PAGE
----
The worst drought in decades and record high temperatures have pushed more than 36 million people across southern and eastern Africa into hunger, as countries from Ethiopia to Zimbabwe cope with one of the most powerful El Niño events in history.
“The drought caught many officials by surprise, because although El Niño was forecast, the weather event normally brings more rain to the region, not less,” The Guardian reports. Now, “there are fears that the long-term impacts of climate change are also undermining the region’s ability to endure extremes in weather, leaving huge numbers of people vulnerable to hunger and disease.”
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In Ethiopia, where drought could affect 80% of this year’s crops, UNICEF is preparing to treat more than two million children for malnutrition, and expects that more than 10 million people will need food aid. “Ethiopia has been hit by a double blow, both from a change to the rainy seasons that has been linked to long-term climate change and now from El Niño, which has potentially led the country to one of the worst droughts in decades,” said the agency’s country representative, Gillian Mellsop.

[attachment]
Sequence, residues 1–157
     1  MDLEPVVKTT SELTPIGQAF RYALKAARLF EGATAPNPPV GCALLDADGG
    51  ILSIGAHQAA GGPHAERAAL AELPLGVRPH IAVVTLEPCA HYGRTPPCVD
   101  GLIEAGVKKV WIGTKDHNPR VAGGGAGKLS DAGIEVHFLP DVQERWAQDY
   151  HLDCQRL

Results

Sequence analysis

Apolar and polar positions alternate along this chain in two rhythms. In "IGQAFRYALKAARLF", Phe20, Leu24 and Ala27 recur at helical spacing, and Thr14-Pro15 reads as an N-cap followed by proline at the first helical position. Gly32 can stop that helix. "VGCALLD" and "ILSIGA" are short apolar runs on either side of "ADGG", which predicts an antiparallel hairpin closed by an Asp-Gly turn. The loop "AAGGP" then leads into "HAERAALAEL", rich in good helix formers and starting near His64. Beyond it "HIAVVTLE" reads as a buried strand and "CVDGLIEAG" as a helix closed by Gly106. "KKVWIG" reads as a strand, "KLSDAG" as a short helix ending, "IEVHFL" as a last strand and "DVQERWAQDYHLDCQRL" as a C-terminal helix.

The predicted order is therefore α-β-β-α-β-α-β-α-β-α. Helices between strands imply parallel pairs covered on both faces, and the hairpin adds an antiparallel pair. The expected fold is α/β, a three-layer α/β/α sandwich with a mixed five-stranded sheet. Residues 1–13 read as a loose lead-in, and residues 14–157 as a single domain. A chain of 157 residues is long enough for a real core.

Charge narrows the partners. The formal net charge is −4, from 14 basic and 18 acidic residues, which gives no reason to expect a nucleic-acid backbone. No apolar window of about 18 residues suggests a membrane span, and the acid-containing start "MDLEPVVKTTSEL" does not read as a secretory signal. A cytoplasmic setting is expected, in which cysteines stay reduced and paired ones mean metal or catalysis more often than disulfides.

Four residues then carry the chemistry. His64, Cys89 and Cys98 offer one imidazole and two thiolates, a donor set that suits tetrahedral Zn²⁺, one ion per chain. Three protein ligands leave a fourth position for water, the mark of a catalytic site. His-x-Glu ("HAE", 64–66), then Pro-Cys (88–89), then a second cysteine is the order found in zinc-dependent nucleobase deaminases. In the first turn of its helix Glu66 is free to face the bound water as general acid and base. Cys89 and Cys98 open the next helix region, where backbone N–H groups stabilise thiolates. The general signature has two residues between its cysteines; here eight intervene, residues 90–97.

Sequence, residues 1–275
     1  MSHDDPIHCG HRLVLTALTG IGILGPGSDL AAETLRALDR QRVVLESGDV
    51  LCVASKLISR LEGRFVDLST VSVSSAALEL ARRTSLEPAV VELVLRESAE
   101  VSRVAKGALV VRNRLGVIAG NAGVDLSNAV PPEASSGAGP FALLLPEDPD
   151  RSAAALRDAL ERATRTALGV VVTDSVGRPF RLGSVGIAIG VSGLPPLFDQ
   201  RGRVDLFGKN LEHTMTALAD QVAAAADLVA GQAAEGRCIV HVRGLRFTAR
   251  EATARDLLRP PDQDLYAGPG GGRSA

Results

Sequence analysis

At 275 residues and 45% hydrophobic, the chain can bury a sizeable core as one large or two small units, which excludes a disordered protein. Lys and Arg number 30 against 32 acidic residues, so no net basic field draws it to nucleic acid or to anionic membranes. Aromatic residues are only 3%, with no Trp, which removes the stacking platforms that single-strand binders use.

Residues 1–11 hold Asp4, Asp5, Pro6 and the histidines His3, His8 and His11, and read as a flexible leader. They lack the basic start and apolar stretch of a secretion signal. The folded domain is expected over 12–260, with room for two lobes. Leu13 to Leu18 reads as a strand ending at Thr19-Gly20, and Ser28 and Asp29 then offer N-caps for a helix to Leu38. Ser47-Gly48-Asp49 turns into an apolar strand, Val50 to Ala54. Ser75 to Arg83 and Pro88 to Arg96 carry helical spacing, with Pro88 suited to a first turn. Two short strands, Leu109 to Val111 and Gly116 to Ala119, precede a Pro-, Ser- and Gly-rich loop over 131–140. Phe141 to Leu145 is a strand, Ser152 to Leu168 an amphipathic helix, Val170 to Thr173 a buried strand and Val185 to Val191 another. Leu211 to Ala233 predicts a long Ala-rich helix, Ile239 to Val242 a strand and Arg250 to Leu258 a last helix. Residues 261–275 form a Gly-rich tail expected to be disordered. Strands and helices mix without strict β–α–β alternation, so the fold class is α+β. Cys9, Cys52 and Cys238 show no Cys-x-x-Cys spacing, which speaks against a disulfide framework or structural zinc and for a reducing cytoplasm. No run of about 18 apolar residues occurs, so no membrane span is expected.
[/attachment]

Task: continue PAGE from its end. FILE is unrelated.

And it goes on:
In southern Africa, families that normally eat two meals per day are cutting back to one, and one-third of households are now going hungry, said UNICEF Zimbabwe Chief of Communication Victor Chinyama. “We are seeing this as a regional crisis, a cross-country humanitarian crisis,” he told The Guardian. “In each country maybe the numbers [of hungry people] are nowhere near as much as Ethiopia, but if you put these numbers together as a whole region, you get a sense of how large a crisis this is.”
Over the rest of the century, meanwhile, climate change could wipe out 60% of bean production in sub-Saharan Africa while damaging banana and maize crops, according to a paper last week in the journal Nature Climate Change. The paper urged decision-makers “to step up efforts to adapt local farming and limit the effects of higher temperatures and rainfall on food production,” SciDevNet reports.
“Beans are a very important source of protein in East Africa and are very sensitive to rises in temperature,” said co-author Julian Ramirez-Villegas of the Consultative Group for International Agricultural Research (CGIAR).
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